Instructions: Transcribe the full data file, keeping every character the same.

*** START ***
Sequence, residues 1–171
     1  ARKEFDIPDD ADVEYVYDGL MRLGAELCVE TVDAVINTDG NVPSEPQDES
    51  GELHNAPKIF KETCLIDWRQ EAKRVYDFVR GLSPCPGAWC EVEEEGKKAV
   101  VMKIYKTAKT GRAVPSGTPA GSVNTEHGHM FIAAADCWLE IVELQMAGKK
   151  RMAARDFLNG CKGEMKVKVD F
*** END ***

Sequence, residues 1–171
     1  ARKEFDIPDD ADVEYVYDGL MRLGAELCVE TVDAVINTDG NVPSEPQDES
    51  GELHNAPKIF KETCLIDWRQ EAKRVYDFVR GLSPCPGAWC EVEEEGKKAV
   101  VMKIYKTAKT GRAVPSGTPA GSVNTEHGHM FIAAADCWLE IVELQMAGKK
   151  RMAARDFLNG CKGEMKVKVD F